Digg.. Reddit.. Stumbleupon

Posted By: cody

Last Updated: Saturday September 27, 2008

What do all of these websites have in common? They bring ungodly amounts of traffic to the (un)lucky patron who reaches the frontpage - so much that it brings a good portion of hosts to their knee’s for the sudden surge in traffic. Namely shared hosting providers are affected the most by this since their are numerous websites on the same server - meaning that there is *typically* less room for excessive resource usage.

Well,  about a week ago one of our customers got on the frontpage of Digg, Reddit, and had a huge amount of popularity on other social networks such as Mixx and Stumbleupon (granted this isn’t the first time one of our customers has been “Dugg” - it was the first time we’ve seen such a large influx of traffic in such a short period of time). After seeing Apache get a little moody in the evening we took a peak to see why.. after a little bit of detective work we saw a huge amount of referrers from Digg, Reddit and crew.

After watching the server for a good 10-20~ minutes during the surge of traffic we were pleasantly greated with a < 1.00 load average through the whole debacle - the WordPress blog that was serving the content didn’t even hiccup (so for those of you who say 25 simeltaneous MySQL connections isn’t sufficient, well neener).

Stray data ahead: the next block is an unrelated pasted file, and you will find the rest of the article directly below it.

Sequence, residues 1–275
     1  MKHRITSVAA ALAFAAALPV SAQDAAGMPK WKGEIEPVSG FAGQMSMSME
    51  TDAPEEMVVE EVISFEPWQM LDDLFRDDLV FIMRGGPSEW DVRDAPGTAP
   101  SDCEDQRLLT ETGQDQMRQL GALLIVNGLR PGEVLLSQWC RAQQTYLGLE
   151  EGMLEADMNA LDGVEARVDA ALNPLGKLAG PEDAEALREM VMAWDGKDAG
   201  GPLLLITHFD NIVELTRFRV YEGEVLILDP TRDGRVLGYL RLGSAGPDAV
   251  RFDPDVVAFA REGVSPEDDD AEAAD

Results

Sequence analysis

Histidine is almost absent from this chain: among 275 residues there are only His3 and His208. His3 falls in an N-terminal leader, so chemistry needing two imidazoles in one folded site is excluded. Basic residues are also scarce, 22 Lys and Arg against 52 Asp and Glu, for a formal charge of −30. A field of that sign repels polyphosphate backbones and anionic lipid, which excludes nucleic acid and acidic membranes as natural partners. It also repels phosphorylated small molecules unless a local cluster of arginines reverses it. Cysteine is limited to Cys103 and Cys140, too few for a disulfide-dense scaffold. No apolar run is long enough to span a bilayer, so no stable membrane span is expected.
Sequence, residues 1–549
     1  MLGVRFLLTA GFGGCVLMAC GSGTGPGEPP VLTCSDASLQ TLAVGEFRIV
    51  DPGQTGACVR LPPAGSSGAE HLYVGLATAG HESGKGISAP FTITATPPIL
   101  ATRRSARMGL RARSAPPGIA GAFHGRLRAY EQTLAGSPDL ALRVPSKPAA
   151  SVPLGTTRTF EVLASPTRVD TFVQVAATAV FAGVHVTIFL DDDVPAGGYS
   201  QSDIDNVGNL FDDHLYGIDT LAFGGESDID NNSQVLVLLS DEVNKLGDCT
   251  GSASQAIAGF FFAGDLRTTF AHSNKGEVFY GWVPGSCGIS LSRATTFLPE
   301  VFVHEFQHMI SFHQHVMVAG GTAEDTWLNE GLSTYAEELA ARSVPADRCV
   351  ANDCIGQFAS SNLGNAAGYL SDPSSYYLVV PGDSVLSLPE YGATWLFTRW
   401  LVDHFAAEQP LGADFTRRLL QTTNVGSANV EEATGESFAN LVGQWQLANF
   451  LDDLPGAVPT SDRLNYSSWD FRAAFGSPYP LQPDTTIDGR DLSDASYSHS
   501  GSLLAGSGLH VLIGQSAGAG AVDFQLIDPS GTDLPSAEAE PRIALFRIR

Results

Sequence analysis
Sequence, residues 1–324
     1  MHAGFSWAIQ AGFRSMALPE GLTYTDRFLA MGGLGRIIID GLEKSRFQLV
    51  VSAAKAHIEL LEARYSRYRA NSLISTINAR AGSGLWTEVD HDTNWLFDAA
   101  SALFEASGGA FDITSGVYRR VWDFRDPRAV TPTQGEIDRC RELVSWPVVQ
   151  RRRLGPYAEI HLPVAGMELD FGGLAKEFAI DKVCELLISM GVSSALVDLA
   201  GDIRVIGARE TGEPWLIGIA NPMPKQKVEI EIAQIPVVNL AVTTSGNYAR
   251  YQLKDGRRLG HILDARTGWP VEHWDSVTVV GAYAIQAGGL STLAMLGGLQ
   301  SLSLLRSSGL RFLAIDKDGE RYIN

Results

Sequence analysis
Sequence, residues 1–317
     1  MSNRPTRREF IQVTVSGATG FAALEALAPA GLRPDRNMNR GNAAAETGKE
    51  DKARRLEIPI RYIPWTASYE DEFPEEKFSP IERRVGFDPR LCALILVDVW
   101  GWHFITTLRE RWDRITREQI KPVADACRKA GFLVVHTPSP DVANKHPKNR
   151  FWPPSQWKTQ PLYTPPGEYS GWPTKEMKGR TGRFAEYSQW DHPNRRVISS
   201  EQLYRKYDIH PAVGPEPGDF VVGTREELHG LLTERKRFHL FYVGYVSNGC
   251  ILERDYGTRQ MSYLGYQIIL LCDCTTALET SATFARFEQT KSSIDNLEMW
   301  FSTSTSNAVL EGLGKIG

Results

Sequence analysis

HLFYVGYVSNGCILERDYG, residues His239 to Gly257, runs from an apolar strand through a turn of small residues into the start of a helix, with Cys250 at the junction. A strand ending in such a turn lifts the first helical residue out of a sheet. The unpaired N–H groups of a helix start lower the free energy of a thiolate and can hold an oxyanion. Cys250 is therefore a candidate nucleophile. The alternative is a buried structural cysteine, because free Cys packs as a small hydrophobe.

Even though in this instance no action was needed on anyones part - everything was being served properly, no slow downs, the server just burped and continues on spitting out webpages, we did prepare a simple static cache of the page that was receiving the most amount of traffic just in case the clients website was causing a issue / slowing down - it was a simple “.htaccess” rule that would see if the referrering URL was the Digg URL - if so it would just point to a static HTML file instead of making PHP/MySQL serve up the page over and over. Though we didn’t need to use it - it prompted me to post this blog post with some tips if you’re receiving a high amount of traffic on ANY shared provider .. there is a chance that you’ll use a sufficient amount of resources and be suspended for affecting other customers experience (better play it safe eh?).

This was just touching the surface of simple ways to “cache” your website - look for a post in the near future explaining these methods further and some other ways to optimize your website.

Just for kicks here’s the bandwidth graph’s of when the clients side got bombarded from the numerous sites.. needless to say it kind of “stuck out” a bit more than normal ;).

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